SAN ANDREAS, Calif. (AP) — A wildfire in Northern California grew explosively Friday, forcing hundreds of people to evacuate from rural communities, destroying six homes, threatening thousands more, and prompting a state-of-emergency declaration from the governor.
“It’s expanding like a balloon,” said state fire spokeswoman Nancy Longmore. “It’s moving very fast. There’s many homes threatened. … This fire is extremely dangerous.”
The fire that had only burned about a single square mile Thursday morning had surged to 101 square miles by Friday evening. It was 5 percent contained.
At one point, the blaze was bearing down on the 2,700 residents of San Andreas, prompting an evacuation order for the entire town 60 miles southeast of Sacramento. But the fire changed direction and the order was called off a short time later, state fire spokesman Daniel Berlant said.
“The fire was quickly approaching the community,” Berlant said. “This fire is very dynamic and changing different directions with the topography. … That makes it very unpredictable, and with the exponential growth, we’re seeing a lot of danger not only to residents in the path of this fire but to our own firefighters, as well.”
San Andreas residents were told they still need to be prepared to evacuate.
Homes from smaller surrounding towns were under evacuation orders, with at least 460 people checking in at evacuation centers set up for the fire.
One of those evacuation centers was at the San Andreas Town Hall, which itself had to be evacuated for a while.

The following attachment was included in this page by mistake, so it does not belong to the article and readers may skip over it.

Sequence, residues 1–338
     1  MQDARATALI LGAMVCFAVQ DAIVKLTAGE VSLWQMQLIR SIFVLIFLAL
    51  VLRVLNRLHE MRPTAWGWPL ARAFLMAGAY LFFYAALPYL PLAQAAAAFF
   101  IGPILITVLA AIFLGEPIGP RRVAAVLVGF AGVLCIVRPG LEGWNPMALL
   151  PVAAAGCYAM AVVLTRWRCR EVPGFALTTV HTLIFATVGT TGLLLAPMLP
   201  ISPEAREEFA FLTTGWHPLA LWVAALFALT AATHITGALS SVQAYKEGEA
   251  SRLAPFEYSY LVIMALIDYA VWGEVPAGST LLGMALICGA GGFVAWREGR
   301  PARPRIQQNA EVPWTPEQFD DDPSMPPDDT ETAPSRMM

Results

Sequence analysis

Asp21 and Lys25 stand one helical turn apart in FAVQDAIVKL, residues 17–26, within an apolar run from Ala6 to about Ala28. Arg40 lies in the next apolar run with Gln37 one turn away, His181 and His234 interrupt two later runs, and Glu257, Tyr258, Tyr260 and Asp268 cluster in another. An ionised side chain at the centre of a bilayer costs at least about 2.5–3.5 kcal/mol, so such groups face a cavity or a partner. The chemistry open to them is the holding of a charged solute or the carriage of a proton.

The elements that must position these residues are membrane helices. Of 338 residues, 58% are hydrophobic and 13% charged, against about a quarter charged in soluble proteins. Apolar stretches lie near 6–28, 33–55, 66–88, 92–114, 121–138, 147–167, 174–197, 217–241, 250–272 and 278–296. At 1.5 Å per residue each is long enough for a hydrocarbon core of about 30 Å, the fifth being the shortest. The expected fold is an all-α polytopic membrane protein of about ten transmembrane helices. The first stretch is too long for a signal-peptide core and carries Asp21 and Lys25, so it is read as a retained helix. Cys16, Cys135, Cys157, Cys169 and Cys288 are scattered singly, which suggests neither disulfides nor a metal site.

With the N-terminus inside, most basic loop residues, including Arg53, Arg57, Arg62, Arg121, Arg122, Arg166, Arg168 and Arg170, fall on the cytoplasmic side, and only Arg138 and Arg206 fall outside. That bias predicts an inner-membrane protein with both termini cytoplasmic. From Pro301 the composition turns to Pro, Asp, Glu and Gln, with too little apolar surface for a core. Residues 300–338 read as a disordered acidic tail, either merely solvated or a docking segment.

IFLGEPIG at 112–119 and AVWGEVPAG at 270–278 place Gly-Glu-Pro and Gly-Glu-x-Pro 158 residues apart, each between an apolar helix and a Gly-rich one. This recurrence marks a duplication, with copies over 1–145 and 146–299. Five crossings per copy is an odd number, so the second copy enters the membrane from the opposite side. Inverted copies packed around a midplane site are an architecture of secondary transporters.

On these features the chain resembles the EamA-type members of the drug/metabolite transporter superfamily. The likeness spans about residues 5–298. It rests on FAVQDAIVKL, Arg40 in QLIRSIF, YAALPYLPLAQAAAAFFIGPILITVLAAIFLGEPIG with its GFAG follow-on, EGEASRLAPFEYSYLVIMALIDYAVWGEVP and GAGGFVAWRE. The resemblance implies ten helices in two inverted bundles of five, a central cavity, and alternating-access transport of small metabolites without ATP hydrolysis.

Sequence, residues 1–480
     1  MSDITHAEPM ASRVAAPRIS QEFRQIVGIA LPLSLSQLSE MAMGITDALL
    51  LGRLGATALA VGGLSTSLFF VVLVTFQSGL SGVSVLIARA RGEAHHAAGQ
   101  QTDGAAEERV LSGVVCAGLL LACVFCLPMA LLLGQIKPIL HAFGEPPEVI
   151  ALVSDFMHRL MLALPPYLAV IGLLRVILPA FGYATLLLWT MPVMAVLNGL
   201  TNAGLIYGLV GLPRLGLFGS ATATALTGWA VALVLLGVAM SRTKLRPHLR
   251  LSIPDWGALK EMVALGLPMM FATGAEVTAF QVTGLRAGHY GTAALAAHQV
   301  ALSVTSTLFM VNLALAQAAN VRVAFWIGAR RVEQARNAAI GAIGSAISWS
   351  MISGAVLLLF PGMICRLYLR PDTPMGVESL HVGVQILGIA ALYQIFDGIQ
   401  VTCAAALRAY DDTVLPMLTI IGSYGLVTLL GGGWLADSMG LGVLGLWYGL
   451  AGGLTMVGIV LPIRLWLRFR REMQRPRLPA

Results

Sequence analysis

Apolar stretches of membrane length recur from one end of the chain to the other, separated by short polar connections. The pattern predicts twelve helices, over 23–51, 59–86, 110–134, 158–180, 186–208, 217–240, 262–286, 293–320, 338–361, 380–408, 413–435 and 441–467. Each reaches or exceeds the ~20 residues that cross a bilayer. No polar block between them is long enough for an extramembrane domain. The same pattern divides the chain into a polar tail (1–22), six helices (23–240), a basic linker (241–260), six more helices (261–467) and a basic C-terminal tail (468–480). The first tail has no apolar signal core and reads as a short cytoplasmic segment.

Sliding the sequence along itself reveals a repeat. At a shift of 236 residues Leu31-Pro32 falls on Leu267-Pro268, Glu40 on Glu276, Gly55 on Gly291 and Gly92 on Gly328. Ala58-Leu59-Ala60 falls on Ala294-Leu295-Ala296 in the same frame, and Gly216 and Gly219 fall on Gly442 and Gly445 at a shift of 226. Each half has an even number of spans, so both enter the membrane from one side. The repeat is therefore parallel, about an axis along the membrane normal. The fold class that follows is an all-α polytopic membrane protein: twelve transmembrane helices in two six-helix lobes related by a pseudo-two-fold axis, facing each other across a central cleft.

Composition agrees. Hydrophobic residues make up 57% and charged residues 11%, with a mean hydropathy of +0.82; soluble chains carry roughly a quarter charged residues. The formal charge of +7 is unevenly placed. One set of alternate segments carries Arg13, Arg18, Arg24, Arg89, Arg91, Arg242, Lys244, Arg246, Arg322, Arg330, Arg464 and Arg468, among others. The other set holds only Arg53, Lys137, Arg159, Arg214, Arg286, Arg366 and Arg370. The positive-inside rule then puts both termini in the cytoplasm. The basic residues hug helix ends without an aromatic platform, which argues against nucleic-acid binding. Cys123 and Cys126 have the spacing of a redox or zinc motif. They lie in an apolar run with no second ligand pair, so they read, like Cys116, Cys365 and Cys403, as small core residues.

“I had to move a kitchen full of food, 217 beds, three huge air conditioners,” said Gina Gonzales, a Red Cross volunteer organizing the evacuation center.
About 90 minutes after moving everything to the Calaveras County Fairgrounds, Cal Fire ordered the evacuation center to move back to the San Andreas Town Hall because firefighters were going to make the fairgrounds their base camp, Gonzales said.
She said the roughly 65 evacuees were not only scared for their homes but frustrated with the moving and what they felt was a lack of information from fire crews.
Six homes and two outbuildings burned Thursday, and 6,000 more were threatened, Longmore said. The number of homes burned could increase, as Longmore said the blaze was moving through rural areas with houses.
“The plan is to try to get this thing out,” she said. “It’s going to take quite a bit of work. We’re in for the long haul here.”
Gov. Jerry Brown declared a state of emergency, helping to free up funding and resources in the firefight.
More than 1,500 firefighters, 178 engines, seven air tankers and 16 helicopters were assigned to fight the fire, which began Tuesday. The cause is under investigation.